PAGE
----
Iris flight trials for safer air traffic

Iris’s objective is to make aviation more efficient through a new satellite-based air–ground communication system for Air Traffic Management.

Iris is a partnership between ESA and Inmarsat that provides the satellite technology for the so-called Single European Sky ATM Research programme, which aims at boostingthe safety, capacity and performance of Air Traffic Management worldwide.

Currently, aircraft are tracked by radar when over land and in coastal areas, and flight paths are negotiated by radio. However,due to the expected substantial increase in air traffic in Europe, the radio frequencies currently used for ATM communications will be under significant capacity stress in the next 5-10 years.

Iris will relieve pressure on these ground-based radio frequencies by supplementing them with satellite data links, andallowingaircraft trajectories to be optimized with regard to longitude, latitude, altitude and time. This means less cancellations and delays, and flights that are more cost-effective and fuel-efficient.

★ Subscribe:

Check out our full video catalog:
Follow ESA on Twitter:
On Facebook:
On Instagram:
On Flickr:

ESA is Europe’s gateway to space. Our mission is to shape the development of Europe’s space capability and ensure that investment in space continues to deliver benefits to the citizens of Europe and the world. Check out to get up to speed on everything space related.

Copyright information about our videos is available here:

Iris: satcom for aviation

Iris will provide a safe and secure text-based data link between pilots and air traffic control (ATC) networks using satellite technology.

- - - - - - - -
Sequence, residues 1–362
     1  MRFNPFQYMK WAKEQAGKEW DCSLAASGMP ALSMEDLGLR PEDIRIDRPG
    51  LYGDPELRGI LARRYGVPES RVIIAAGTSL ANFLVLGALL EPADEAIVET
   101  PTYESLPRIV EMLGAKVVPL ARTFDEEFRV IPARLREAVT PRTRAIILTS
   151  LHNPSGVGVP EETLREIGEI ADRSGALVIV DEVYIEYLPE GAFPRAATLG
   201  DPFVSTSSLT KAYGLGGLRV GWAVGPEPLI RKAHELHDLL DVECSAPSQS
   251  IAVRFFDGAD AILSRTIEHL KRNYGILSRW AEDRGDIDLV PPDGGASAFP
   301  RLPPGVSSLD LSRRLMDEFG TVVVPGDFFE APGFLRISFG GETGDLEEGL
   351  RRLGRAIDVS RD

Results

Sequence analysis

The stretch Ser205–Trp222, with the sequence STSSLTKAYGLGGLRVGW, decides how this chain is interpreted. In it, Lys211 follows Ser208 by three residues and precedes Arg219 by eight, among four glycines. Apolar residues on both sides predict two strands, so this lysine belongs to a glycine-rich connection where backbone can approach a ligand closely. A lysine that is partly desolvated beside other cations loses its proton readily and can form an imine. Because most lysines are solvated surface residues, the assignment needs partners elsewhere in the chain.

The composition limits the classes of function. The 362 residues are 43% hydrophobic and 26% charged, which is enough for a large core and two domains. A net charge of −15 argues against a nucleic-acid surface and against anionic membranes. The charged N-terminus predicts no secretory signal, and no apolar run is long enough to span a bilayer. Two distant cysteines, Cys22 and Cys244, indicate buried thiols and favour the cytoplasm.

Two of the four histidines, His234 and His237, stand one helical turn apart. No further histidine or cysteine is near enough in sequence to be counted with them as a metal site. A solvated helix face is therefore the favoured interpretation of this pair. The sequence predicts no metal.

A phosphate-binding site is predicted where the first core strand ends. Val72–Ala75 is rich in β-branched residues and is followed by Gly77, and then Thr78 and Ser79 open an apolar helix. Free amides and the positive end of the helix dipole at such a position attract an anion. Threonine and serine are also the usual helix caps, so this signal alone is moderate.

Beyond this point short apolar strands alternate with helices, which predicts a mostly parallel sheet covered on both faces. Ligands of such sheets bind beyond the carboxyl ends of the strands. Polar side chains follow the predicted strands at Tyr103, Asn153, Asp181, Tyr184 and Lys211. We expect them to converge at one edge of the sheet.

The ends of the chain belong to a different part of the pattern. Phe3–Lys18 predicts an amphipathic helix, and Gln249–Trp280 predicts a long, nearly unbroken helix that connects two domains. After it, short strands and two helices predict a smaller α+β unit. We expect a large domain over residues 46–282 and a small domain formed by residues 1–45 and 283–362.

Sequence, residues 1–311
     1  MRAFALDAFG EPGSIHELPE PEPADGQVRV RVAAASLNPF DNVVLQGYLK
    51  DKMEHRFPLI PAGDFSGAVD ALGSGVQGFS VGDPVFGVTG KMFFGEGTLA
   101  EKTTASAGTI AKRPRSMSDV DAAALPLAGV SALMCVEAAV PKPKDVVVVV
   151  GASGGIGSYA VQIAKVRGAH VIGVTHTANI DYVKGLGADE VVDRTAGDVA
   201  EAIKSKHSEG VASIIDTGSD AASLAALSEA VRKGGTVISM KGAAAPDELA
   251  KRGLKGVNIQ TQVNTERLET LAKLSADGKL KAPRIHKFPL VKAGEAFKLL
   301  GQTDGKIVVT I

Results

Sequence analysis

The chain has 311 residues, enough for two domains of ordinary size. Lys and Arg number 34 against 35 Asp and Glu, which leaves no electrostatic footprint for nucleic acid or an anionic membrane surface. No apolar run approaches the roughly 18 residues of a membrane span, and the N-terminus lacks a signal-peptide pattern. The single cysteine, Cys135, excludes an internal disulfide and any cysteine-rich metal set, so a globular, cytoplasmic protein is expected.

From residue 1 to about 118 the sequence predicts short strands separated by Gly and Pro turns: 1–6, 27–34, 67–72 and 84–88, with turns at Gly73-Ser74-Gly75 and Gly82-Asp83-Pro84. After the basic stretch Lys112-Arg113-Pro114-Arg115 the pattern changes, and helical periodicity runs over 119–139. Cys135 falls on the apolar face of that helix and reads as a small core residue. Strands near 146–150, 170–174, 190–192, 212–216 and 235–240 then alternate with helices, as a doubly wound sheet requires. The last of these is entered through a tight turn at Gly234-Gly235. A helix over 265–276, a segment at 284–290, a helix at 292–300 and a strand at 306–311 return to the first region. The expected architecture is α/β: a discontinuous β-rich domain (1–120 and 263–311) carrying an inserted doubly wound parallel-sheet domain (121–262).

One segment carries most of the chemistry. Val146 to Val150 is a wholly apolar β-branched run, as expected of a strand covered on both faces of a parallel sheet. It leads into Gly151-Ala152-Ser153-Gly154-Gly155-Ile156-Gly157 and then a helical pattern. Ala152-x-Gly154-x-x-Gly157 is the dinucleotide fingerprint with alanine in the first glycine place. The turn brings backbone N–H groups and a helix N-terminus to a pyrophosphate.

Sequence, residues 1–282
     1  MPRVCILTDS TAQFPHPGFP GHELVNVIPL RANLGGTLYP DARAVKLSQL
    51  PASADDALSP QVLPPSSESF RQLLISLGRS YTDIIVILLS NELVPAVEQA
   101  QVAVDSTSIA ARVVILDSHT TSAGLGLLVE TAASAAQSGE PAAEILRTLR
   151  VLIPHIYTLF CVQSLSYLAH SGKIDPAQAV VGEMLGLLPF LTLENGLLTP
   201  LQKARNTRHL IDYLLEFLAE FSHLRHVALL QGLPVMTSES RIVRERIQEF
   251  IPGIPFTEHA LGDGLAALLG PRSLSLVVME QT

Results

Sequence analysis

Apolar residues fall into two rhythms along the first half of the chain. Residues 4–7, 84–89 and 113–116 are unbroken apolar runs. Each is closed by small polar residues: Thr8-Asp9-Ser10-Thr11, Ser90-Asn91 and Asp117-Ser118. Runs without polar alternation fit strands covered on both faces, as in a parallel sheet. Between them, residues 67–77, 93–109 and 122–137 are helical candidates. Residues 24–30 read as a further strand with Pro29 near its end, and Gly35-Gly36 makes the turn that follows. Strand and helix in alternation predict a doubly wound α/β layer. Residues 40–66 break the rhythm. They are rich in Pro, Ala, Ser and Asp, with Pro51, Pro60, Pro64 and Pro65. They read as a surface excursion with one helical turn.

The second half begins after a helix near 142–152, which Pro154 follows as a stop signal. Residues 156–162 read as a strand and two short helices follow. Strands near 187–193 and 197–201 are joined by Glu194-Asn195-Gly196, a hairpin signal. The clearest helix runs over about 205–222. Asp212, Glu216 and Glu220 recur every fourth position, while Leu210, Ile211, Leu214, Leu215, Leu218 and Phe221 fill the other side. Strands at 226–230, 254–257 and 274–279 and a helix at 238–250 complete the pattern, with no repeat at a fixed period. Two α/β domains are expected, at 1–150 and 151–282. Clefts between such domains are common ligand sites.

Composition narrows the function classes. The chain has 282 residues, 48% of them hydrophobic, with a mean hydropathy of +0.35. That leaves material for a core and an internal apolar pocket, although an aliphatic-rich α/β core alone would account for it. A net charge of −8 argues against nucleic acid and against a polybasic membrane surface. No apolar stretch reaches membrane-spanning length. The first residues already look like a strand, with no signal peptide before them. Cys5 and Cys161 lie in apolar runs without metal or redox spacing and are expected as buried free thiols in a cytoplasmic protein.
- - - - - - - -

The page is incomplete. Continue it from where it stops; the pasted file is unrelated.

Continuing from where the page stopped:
The programme is developed under a public-private partnership between ESA and Inmarsat, and will help relieve pressure on the aviation sector’s congested radio frequency communication channels.

It will so as part of the European Commission’s Single European Sky ATM Research (SESAR) masterplan to modernise Europe’s air traffic management.

★ Subscribe:

Completing the constellation

On 25 July 4 Europe’s next four Galileo satellites will be launched into orbit by Ariane 5 from Europe’s Spaceport in French Guiana.
With this launch the Galileo constellation will reach 26 satellites in space, completing the constellation in overall numbers although further launches are needed to place back-up satellites in orbit.
The launch comes at a time when Galileo is into its second year of Initial Operations, with a signal that is better than expected and that is now usable in all new mobile phones.
This video looks at Galileo’s story so far and the way forward, interviewing Paul Verhoef, ESA Director of Navigation, and Valter Alpe, Galileo’s Satellite Production and Launch Campaign Manager.

★ Subscribe:

Learn more about Galileo:

Galileo: from GIOVE to constellation

On 25 July, with the launch of four more satellites from Europe’s Spaceport in French Guiana, Europe’s Galileo constellation will come a giant leap nearer completion.
Since the launch of the ‘Galileo In-Orbit Validation Element’ test satellites GIOVE-A in 2005 and GIOVE-B in 2008 – with the task of securing radio bands and testing key technologies – ESA and Galileo have come a long way.
The deployment of the constellation and Galileo’s ground segment have been a massive undertaking. Talking to Paul Verhoef, Director of Navigation, we look back and consider the remarkable progress that has been made by Europe in satellite navigation and look towards the future and what it might hold.

★ Subscribe:

Learn more about Galileo: